Menopause is marked by a dramatic change in hormone levels and menstruation. According to the medical definition of menopause, a woman has officially entered menopause when she hasn’t had a period in 12 consecutive months. This typically occurs around the age 51, but can occur earlier or later. After menopause, a woman is no longer able to have children.
While menopause may seem simple, it is actually a complicated hormonal event that begins years before menstruation stops. In fact, a woman’s hormone levels typically begin fluctuating during the perimenopause period, which can begin several years before menopause. After menopause, it can take several years for hormone production to finally settle at its new, lower level.
Typical symptoms of menopause include hot flashes, vaginal dryness, sleep deprivation, night sweats, changes in moods, weight gain, slowed metabolism, loss of breast fullness, dry skin, thinning of hair, and a decrease in the sense of well-being.
Menopause is chiefly associated with the decline of female hormones including estrogen and progesterone. However, it’s important to understand that levels of female testosterone, about half of which is produced in the ovaries, is also affected during menopause. In fact, studies have found that testosterone levels can drop by 50% during perimenopause and menopause. The decline is even more pronounced among women who have polycystic ovarian syndrome (PCOS), diabetes, or surgical removal of the ovaries. These women may experience a drop of 75% or more in circulating testosterone. In women, testosterone is known to increase motivation, enhance sex drive, boost energy levels, improve mood, and decrease the risk of certain diseases.
The drop in testosterone can have profound effects that are often blamed on lower levels of estrogen or progesterone. In fact, newer research is showing that at least some of the symptoms associated with menopause can be caused by reduced testosterone. This means that testosterone levels should be monitored as part of any hormone replacement therapy program aimed at reduced the symptoms associated with menopause.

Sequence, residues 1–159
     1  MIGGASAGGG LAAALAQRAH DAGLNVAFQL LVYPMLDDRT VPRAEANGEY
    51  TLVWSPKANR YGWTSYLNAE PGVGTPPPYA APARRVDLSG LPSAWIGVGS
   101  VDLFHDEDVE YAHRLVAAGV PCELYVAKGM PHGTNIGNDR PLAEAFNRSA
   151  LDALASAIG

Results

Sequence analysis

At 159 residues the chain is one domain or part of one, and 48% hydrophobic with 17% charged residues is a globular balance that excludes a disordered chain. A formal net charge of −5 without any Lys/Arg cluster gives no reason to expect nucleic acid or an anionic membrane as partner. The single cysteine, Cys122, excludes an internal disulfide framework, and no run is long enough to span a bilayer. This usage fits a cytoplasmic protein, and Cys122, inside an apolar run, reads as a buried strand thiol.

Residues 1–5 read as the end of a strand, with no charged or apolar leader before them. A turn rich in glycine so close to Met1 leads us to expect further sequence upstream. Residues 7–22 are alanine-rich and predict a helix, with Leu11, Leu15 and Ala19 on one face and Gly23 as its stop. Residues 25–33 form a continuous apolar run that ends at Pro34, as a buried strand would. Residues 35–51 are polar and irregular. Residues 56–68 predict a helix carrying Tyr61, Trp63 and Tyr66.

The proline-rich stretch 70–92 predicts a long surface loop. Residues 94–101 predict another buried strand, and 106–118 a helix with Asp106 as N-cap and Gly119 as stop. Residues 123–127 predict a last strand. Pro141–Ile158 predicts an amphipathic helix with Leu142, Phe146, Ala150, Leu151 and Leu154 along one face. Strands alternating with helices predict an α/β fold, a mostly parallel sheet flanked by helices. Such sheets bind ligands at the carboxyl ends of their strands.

Treating Menopause with Testosterone Replacement Therapy
Doctors have long prescribed the use of female hormones, including estrogen and progesterone, for menopause. Research has shown that properly prescribed bioidentical hormones can reduce symptoms and help reduce the risk of getting diseases like heart disease. In recent years, however, increasing attention has been paid to testosterone as a menopausal therapy.
If you’re experiencing side effects of menopause and suspect you might be suffering from low testosterone levels, you should visit a qualified doctor for hormone testing. If a test reveals low testosterone levels, testosterone replacement therapy may be prescribed, usually in the form of a skin patch, gel, mouth patch, infection, or implant. Oral testosterone is also available, but some research has shown that oral testosterone can cause liver damage as the hormone is processed in the liver. Testosterone has been shown to improve mood, increase sex drive, reduce disease risk, and increase energy.